# R Tip: Avoid using T and F as synonyms for TRUE and FALSE

By default when you start R, T and F are defined as TRUE and FALSE. When I review other people’s code, I often see functions defined with arguments set to these values by default. This is a very bad idea. T and F are symbols that can be redefined, so it shouldn’t be assumed that they will always evaluate to TRUE and FALSE. Making that assumption can introduce bugs to the code that are very hard to track down.

For example, imagine you have defined a function to sample from a vector after transforming the data in some way:

my_sample <- function(x, size, rep=F) {
x <- x^2  # a simple transform
sample(x, size, replace=rep)
}

When you just start R, my_sample will work as intended because F is FALSE:

> my_sample(1:10, 8)
[1]   4   1   9 100  49  16  36  81

But if you call this function from inside another function, or after hours of hacking at the console, this may not be the case. For instance, what if at some point in your R session you redefined F <- 2:

> my_sample(1:10, 8)
[1]   9  49 100   4  64  64  81  36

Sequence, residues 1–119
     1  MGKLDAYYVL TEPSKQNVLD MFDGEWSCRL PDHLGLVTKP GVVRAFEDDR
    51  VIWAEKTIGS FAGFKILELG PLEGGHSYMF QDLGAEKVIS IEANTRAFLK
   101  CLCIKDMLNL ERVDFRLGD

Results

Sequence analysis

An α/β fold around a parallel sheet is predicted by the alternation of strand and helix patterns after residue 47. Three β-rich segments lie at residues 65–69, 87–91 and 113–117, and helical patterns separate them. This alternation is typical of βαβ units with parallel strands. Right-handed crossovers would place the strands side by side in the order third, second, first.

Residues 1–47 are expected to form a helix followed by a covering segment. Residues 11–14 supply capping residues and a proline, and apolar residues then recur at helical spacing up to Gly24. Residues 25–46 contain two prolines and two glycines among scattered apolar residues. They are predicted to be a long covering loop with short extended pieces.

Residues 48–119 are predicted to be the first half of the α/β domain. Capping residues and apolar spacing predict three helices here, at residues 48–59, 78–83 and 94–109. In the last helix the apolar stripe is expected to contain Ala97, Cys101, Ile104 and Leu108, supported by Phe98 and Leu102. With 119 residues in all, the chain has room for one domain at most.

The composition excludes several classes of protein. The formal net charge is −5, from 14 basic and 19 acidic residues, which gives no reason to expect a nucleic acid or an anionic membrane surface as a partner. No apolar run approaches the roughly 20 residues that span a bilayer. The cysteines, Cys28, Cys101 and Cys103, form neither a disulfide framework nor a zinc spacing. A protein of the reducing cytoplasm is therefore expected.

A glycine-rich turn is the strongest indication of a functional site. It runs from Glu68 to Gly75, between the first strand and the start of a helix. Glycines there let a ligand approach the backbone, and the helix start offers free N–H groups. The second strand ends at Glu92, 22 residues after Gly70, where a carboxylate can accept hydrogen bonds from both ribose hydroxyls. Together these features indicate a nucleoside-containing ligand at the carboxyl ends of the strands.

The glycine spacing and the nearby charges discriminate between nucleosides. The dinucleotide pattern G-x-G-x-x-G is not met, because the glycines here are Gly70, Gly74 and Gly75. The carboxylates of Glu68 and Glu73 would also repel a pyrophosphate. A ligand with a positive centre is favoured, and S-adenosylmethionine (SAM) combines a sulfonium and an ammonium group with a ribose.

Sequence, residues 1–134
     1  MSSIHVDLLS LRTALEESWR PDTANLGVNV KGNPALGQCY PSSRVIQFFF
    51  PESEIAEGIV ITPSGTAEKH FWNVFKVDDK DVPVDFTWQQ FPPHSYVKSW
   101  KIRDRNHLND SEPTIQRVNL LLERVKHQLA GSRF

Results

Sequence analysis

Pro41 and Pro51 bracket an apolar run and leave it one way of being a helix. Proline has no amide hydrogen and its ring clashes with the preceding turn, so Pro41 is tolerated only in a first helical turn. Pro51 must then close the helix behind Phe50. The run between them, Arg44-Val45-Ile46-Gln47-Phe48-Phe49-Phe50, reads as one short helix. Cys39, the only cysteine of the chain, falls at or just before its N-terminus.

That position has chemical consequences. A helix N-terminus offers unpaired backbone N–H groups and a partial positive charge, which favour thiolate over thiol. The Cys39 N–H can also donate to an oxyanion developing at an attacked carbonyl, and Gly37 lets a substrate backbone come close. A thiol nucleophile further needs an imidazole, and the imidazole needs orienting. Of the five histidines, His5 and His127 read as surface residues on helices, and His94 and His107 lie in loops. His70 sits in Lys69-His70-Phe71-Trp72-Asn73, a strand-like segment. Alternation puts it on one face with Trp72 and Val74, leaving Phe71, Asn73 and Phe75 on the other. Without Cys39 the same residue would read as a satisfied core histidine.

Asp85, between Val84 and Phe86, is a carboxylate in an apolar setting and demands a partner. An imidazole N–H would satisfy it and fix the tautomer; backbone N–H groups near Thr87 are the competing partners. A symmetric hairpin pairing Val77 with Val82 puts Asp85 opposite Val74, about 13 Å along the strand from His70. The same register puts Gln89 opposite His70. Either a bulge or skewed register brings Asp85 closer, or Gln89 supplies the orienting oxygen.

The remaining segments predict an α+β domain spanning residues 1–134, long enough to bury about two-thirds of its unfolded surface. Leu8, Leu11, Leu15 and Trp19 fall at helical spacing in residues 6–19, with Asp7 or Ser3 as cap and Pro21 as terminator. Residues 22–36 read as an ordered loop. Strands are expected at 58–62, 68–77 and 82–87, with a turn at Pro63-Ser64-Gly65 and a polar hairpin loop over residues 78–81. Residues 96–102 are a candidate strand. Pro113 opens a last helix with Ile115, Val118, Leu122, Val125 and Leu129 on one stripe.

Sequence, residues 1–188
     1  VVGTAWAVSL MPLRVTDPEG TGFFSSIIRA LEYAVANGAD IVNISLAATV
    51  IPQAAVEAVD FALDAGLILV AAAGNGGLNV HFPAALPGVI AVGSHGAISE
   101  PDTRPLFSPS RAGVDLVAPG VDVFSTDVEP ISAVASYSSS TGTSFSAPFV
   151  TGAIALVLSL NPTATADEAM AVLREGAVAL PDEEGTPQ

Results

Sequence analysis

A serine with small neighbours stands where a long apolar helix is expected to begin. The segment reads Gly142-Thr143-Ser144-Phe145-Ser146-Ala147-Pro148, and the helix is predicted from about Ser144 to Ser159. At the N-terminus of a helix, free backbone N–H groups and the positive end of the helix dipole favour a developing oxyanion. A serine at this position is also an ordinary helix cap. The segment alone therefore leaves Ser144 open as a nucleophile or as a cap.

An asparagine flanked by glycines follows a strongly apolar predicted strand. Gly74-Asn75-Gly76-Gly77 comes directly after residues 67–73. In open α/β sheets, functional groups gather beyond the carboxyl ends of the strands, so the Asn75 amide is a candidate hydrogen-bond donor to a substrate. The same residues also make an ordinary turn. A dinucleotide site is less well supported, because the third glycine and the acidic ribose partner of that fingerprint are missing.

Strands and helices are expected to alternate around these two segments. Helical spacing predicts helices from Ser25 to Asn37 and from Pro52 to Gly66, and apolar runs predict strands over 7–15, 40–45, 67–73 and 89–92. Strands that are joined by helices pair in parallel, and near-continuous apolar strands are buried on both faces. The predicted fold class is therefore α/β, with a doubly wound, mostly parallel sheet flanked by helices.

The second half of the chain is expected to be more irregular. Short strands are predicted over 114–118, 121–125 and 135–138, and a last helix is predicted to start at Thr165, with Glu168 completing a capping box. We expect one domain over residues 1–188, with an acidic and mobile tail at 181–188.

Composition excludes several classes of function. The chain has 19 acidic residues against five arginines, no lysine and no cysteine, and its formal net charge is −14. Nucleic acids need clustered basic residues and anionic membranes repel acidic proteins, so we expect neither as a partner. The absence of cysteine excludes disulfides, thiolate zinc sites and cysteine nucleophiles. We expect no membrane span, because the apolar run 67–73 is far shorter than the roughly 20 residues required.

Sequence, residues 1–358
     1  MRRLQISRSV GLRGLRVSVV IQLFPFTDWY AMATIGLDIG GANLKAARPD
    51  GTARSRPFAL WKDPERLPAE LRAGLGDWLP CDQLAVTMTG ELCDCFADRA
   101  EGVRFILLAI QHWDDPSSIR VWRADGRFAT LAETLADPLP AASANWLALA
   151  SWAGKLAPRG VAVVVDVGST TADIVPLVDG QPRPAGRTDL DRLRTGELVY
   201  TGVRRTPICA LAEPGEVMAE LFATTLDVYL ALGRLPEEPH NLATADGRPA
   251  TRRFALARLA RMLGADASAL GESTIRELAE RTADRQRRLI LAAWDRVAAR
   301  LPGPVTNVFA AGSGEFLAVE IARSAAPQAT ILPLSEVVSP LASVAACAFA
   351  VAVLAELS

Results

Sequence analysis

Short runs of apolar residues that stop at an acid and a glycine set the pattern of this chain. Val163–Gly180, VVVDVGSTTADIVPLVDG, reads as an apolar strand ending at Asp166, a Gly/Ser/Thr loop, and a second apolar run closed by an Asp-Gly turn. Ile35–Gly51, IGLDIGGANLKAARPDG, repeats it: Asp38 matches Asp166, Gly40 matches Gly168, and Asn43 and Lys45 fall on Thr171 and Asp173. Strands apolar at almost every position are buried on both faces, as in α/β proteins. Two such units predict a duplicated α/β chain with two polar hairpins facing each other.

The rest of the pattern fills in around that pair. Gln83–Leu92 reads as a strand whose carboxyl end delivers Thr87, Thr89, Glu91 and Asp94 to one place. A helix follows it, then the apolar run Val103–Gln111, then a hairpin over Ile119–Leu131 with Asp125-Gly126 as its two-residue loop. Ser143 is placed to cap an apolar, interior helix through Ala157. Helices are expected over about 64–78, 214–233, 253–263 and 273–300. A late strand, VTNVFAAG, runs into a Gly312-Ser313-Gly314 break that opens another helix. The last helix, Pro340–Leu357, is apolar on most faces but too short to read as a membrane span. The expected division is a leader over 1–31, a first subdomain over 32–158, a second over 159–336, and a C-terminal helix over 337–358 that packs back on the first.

This type of bug can be very dangerous because they are very hard to replicate and, worse yet, you may never even notice you have them. Luckily, such bugs are easy to avoid: never use T and F as synonyms for TRUE and FALSE. It doesn’t take much more effort to type out TRUE and FALSE, but if you find it onerous, get an editor with tab-completion.

### Update

Via email, Ananda Mahto suggests adding the following bit of code to the top of your scripts to provide a warning when T and F have been redefined.

if (!identical(T, TRUE))
stop("'T' has been remapped to '", T, "'")
if (!identical(F, FALSE))
stop("'F' has been remapped to '", F, "'")

This doesn’t solve the problem, of course, but at least you get some warning.

This entry was posted in Hacking, R, Tip. Bookmark the permalink.